New Rolls-Royce Cullinan Black Badge Unleashes the Evil Mastermind Inside You

A 6.75-liter twin-turbo V-12 that now produces 592 horsepower propels the brand's "darkest and most urban" vehicle ever.

Rolls-Royce

Rolls-Royce has unveiled its newest high-dollar creation: the 2020 Cullinan Black Badge, the darker and sinister sibling of the brand's majestic Cullinan SUV. The new variant offers dark motifs throughout worthy of the world's supervillains, or just anyone who highly dislikes chrome. There's also more power and several other performance enhancements to be found.

Dubbed "The King of Night," Rolls-Royce says the Black Badge aims to satisfy the overwhelming demand for vehicles from "younger, more adventurous clients who desire the most enriching experiences as well as a motor car's domineering presence." If that's code for Instagram-loving oligarchs who adore partying and taking selfies to make the masses jealous, then they're spot on.

The exterior of the new SUV is adorned with multiple layers of black paint and lacquer that are meticulously applied and hand-polished 10 times. Should you desire a different hue than the Black Badge's signature black color, the brand can call upon its 44,000-deep "ready to wear paint" portfolio. Yes, we said 44,000. If none of those hues satisfy you, however, the brand's paint facility in Goodwood will design a bespoke paint for you and only you.

Rolls-Royce
Rolls-Royce

Aside from the black paint, the Cullinan sports a black chrome Spirit of Ecstacy that can lower itself into an equally dark grille, and all chrome surfaces have been eradicated. Down low, 22-inch forged alloy wheels designed specifically for the Black Badge adorn all four corners, proving once again that the British have exquisite taste in wheel design. Seriously, look at those things. Inside the rolling works of art, the brand's first-ever colored brake calipers shine thanks to their high-gloss red paint, which has allegedly been developed to withstand the elevated temperatures generated by the rotors—assuming someone's chauffeur is in a hurry on their way to the marina or airport.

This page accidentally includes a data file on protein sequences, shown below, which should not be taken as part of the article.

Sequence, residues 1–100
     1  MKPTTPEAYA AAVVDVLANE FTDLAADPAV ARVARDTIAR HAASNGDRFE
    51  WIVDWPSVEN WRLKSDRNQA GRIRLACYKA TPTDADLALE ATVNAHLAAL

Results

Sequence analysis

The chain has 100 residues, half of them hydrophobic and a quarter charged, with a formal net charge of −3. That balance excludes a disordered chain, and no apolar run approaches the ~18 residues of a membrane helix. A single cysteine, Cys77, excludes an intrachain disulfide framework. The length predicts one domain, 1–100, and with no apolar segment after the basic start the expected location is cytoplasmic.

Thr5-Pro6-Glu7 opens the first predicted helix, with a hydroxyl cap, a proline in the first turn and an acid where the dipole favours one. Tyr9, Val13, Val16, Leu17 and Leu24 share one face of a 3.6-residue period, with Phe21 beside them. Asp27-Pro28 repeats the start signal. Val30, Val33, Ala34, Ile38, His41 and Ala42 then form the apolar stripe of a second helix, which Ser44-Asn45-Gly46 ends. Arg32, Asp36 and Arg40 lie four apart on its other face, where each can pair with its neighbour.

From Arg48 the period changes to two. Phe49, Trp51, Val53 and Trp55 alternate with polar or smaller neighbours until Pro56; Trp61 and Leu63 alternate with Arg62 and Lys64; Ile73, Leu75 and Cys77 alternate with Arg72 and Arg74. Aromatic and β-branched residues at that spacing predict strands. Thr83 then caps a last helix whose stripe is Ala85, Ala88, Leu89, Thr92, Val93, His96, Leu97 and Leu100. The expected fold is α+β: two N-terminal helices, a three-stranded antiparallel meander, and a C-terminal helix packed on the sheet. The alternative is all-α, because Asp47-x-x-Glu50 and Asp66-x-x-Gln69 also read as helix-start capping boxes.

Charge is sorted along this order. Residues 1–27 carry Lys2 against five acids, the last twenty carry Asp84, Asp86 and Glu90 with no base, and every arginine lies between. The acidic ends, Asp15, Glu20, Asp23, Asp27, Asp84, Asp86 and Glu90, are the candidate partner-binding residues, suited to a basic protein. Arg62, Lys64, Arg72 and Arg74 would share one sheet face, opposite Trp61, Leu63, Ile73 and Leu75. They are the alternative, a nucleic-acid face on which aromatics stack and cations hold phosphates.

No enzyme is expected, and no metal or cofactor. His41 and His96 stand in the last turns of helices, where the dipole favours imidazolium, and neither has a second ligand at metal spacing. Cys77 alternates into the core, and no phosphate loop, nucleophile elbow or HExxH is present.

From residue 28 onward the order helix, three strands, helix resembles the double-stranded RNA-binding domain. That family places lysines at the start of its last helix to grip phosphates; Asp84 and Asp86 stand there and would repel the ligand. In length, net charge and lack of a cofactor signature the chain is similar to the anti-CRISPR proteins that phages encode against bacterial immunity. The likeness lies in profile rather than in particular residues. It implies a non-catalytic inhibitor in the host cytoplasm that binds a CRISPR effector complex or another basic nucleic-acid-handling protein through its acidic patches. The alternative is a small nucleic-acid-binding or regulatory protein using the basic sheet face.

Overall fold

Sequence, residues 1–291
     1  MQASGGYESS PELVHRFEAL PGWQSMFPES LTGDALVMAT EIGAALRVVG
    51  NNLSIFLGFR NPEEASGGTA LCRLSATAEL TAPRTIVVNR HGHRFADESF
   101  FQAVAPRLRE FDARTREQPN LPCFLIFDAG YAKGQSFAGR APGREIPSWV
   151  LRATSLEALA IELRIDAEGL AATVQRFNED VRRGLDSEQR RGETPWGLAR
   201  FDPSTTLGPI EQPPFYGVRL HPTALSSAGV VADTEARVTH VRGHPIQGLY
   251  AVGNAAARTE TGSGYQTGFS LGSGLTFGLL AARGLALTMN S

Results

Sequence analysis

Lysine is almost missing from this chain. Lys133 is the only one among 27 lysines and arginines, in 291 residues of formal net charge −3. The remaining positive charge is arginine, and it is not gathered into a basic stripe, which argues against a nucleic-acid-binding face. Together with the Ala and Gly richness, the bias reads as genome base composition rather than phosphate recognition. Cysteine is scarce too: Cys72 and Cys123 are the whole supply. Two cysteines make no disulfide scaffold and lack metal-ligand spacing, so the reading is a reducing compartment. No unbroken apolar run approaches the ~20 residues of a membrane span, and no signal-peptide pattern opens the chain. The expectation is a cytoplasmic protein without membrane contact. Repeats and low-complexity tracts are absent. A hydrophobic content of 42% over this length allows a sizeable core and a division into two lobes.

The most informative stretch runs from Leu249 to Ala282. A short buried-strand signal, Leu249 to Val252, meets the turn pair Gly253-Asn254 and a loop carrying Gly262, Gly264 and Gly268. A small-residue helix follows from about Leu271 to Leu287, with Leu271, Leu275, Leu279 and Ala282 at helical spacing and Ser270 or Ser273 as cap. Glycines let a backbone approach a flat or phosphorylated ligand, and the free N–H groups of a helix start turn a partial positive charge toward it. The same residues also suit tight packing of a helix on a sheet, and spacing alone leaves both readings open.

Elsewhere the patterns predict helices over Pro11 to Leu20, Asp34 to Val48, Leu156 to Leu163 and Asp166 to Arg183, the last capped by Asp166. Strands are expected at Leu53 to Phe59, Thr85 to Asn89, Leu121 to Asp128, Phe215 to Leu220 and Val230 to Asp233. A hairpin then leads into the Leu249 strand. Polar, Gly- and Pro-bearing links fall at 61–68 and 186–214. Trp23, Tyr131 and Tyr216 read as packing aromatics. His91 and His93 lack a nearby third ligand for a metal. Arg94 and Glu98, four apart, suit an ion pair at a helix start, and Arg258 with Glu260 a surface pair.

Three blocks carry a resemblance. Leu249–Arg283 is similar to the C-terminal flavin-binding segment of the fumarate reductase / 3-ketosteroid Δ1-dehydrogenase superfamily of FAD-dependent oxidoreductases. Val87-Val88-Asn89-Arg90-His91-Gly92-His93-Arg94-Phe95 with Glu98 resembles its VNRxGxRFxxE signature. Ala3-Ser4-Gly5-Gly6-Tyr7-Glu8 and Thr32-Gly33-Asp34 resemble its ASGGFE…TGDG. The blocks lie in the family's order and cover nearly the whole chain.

The dark theme continues inside with black leather and bright accents throughout and "technical carbon" veneer replacing the more traditional glossy or open-power wood trim. "A naked-weave carbon-fiber finish has been developed to create highly accurate repeating geometrical shapes that produce a powerful three-dimensional effect," read the press release, also claiming that the new veneer was a result of Sir Henry Royce’s founding philosophy: “When it does not exist, design it.”

The technical carbon requires six coats of lacquer before curing for 72 hours and is then hand-polished to receive its iconic mirror finish. According to the brand, the entire process for the interior alone takes 21 days and is only complete once all of the 23 interior pieces' uniformity has been confirmed.

Under the hood, the 6.75-liter twin-turbo V-12 remains, but now it pumps an additional 29 horsepower, which takes the already hefty figure of 563 all the way up to 592 ponies. Torque is also increased to 577 pound-feet of torque. If only Rolls-Royce would offer a towing package in America as it does in Europe, this would be the perfect weekend hauler. Other performance enhancements include an all-new exhaust system that produces louder, richer tones and a high-performance braking system recalibrated for a sportier feel and response.

Pricing for the Cullinan Black Badge wasn't divulged, but with each Rolls-Royce practically being a one-off, getting a starting MSRP for what's essentially a rolling eff-u wouldn't mean much anyway. If you're curious, however, the regular Cullinan starts at $330,000, but the one we lived in for a couple of days was $410,000. Expect the Black Badge to come in closer to the half-million mark.